The Witness (1983 video game)

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The Witness

Cover art

Developer(s)
Infocom

Publisher(s)
Infocom

Designer(s)
Stu Galley

Engine
ZIL

Platform(s)
Amiga, Amstrad CPC, Amstrad PCW, Apple II, Atari ST, Commodore 64, MS-DOS, TRS-80, TI-99/4A, Macintosh

Release date(s)

Release 13: May 24, 1983 Release 18: September 10, 1983
Release 20: November 19, 1983
Release 21: December 8, 1983
Release 22: September 24, 1984

Genre(s)
Interactive fiction

Mode(s)
Single-player

The Witness is an interactive fiction computer game published by Infocom in 1983. Like Infocom’s earlier title Deadline, it is a murder mystery. The Witness was written in the ZIL language for the Z-machine, which allowed it to be released simultaneously on many popular computer platforms including the Apple II and the Commodore 64. It is Infocom’s seventh game.

Contents

1 Plot
2 Development
3 Feelies
4 Reception
5 References
6 External links

Plot[edit]

Screenshot of the beginning of The Witness

The game takes place in Cabeza Plana, a quiet (and fictitious – the name is Spanish for “Flathead”, an inside joke from Zork mythology) suburb of Los Angeles, California in February 1938. Freeman Linder, a local millionaire, has begged the police for protection from a man named Stiles. The player’s character is a detective assigned one evening to check out the wealthy man’s claims.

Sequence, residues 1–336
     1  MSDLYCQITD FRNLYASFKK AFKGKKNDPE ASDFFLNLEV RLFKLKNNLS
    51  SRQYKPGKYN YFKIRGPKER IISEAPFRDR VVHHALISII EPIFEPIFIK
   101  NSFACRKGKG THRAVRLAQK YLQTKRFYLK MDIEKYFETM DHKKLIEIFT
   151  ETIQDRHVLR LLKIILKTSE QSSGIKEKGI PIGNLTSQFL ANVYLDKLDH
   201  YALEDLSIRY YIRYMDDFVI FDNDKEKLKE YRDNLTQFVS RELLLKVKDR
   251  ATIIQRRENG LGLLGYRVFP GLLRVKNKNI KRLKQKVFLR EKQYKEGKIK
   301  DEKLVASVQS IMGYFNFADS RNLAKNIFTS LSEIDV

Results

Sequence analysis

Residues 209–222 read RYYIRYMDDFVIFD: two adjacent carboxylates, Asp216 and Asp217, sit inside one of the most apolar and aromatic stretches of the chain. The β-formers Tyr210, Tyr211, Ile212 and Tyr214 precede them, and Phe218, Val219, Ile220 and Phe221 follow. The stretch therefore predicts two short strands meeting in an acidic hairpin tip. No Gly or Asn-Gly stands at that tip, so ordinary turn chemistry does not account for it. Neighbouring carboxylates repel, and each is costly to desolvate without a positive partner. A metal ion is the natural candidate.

Is Linder seriously in danger or just another rich eccentric? Before the player can decide, a window explodes and Linder collapses, dead. The case of possible harassment has just become a murder, with the player as the only witness. With the help of Sgt. Duffy (last seen in Deadline), the player has until sunrise to solve the mystery. As usual, motive, method and opportunity must all be established to secure a “solid” arrest and the optimal ending.
Development[edit]
Enjoying playing Deadline more than Zork, Stu Galley decided to write another mystery game as its counterpart; while Deadline is set in the eastern United States on a summer day, Witness is set in the West Coast at night. For authenticity, he obtained a 1930s Sears catalog and researched contemporary slang; the radio plays the programs that aired on the day the game occurs in.[1]
Feelies[edit]
Included in each
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